A conductor carries 10 Amps, and generates a magnetic field $B$.
How fast does it take for that current to flow from the wire throughout the entire circuit?
And how fast does it take for the magnetic field to be created?
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There are 2 ways of looking at the speed of an electric current.
The electrons themselves move quite slowly: of the order of 1.0 m/hour. In other words, if you have a 1m long cable, an electron will take a whole hour to get from one end to the other. For your example, in a copper wire of radius 1 mm carrying a steady current of 10 Amps, the drift velocity is only about 0.024 cm/sec.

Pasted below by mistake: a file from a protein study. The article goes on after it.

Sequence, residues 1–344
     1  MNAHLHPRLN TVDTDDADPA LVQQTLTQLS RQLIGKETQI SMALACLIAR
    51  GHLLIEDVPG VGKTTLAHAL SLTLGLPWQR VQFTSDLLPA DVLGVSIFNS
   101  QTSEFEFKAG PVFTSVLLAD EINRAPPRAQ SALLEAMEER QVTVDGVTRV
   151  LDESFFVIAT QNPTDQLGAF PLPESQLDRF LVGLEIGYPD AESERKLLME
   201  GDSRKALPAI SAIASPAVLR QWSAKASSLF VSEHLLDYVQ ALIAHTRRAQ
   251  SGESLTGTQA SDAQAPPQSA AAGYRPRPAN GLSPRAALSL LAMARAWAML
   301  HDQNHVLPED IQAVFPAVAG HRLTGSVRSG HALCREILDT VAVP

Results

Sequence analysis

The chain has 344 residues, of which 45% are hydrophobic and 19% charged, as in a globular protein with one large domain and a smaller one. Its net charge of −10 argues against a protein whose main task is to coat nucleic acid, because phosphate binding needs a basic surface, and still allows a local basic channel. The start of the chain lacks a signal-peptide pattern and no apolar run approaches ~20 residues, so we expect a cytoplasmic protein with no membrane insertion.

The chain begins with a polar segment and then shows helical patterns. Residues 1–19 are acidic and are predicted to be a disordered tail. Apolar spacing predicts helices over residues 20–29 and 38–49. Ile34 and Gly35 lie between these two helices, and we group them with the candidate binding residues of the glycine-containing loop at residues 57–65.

However, as soon as an electron starts to move, it affects other electrons around it. Because of this, the current flows out of the other end of the cable almost immediately. As a result, electricity travels down the wire at about $2/3$ of the speed of light.
Magnetic fields, on the other hand, travel through space at the same speed as electric fields: the speed of light. I don't know how fast they travel through magnetic materials, but it will be somewhat slower than $c$.